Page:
The MLB Draft process is vastly unlike its counterparts in the other four major sports, and today serves as yet another example of this. While NFL first rounders haggle over bonuses, we all know they're going to sign eventually -- but with baseball, it's very much an open question. The focus of the prospecting world will be on Bryce Harper, Manny Machado and the like, to see whether they even sign and how much of a bonus they get if they do, but every team is working feverishly to get as many draftees signed as possible.
If you're familiar at all with the draft, then you know that the commissioner's office promulgates a recommended slotting system for all draft picks, and prefers teams to hold off on announcing above slot deals until the days leading up to the deadline. This creates a mad rush of signing news in mid-August, as one look at the Fanshots on MLB Bonus Baby will show.
The Phillies have already been active, as MLB Trade Rumors reported last night that the club agreed to deals with 28th round outfielder Brian Pointer for $350K, and 21st round right hander Jonathan Musser for $300K. I'm planning a full draft writeup in the next few days, and I'll address those two in more detail at that point. For now, the focus shifts to 5th rounder Scott Frazier, and I personally hold out some hope for 20th rounder Kevin Walter.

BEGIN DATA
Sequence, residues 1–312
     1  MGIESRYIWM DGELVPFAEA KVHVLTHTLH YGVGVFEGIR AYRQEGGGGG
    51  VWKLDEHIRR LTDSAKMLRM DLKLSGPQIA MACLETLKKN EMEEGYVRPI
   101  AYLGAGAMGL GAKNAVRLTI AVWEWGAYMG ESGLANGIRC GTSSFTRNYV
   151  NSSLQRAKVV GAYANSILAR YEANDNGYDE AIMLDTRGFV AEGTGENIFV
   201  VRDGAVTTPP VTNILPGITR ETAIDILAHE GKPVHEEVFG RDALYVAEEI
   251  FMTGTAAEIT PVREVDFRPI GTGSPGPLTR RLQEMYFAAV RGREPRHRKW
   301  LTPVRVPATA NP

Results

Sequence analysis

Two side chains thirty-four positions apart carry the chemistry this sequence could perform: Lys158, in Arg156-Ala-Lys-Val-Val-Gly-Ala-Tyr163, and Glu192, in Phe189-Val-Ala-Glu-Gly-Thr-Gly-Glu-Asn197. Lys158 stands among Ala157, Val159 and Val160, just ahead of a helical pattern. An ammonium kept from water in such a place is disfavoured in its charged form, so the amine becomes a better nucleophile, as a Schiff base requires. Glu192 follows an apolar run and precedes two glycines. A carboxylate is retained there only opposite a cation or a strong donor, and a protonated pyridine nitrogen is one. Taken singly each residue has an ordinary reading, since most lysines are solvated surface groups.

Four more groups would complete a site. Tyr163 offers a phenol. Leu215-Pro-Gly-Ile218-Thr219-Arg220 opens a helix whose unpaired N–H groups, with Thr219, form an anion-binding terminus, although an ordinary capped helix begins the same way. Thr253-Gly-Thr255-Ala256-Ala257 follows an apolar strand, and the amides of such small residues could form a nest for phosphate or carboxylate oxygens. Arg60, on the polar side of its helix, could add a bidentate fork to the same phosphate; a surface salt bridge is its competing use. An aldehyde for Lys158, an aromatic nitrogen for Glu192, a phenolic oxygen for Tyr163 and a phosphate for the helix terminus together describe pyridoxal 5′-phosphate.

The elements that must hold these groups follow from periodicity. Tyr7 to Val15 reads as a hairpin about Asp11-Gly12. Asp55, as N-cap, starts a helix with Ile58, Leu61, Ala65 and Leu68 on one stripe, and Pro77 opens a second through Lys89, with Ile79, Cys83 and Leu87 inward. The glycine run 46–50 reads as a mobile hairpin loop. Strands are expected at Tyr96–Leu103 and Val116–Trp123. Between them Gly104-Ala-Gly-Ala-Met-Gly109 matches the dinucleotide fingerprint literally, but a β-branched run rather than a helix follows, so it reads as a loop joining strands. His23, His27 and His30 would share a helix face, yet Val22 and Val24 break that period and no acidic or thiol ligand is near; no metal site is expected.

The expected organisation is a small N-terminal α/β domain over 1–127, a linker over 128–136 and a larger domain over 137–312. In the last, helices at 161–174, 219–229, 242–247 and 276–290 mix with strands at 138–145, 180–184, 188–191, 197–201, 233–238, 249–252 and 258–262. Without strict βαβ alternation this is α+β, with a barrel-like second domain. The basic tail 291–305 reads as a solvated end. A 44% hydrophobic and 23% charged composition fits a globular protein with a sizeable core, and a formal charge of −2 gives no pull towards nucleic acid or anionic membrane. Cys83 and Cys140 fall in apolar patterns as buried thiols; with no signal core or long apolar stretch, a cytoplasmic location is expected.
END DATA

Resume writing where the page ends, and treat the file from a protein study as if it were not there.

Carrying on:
In honor of this joyous occasion, I'm using this week's prospect roundup to highlight bonus babies from years past. Check below the jump to see the Phillies' top four prospects, some toolshed outfielders, and some projectable right handed pitchers.
Domonic Brown, OF-L, Philadelphia: 20th round, 2006, $200K bonus. Dom finally earned his first walk last Wednesday, and was promptly rewarded by being shuttled off to the bench when Shane Victorino returned from the disabled list. Count me in the school of thought that maintains Dom would benefit from everyday at bats for the remainder of the Triple-A season, and can reassume his role as 4th outfielder extraordinaire (in preparation for an everyday job in 2011) when the IronPigs' season ends in early September.
Jarred Cosart, RHP, Lakewood: 38th round, 2008, $550K bonus. Cosart was officially shut down for the season a week-and-a-half back, and the "err on the side of caution" approach is certainly a prudent one in the case of any lingering elbow soreness. That speed bump aside, it's impossible to classify 2010 as anything but a rousing success for the Texas flamethrower, as his 9.7 K/9, 2.0 BB/9, 0.38 HR/9, 55.6% GB and 2.47 FIP highlight what a dominant campaign it was for Cosart. If Dom somehow accumulates 130 at bats this year, Cosart is likely to assume his place as top Phillies prospect in most offseason prospect rankings.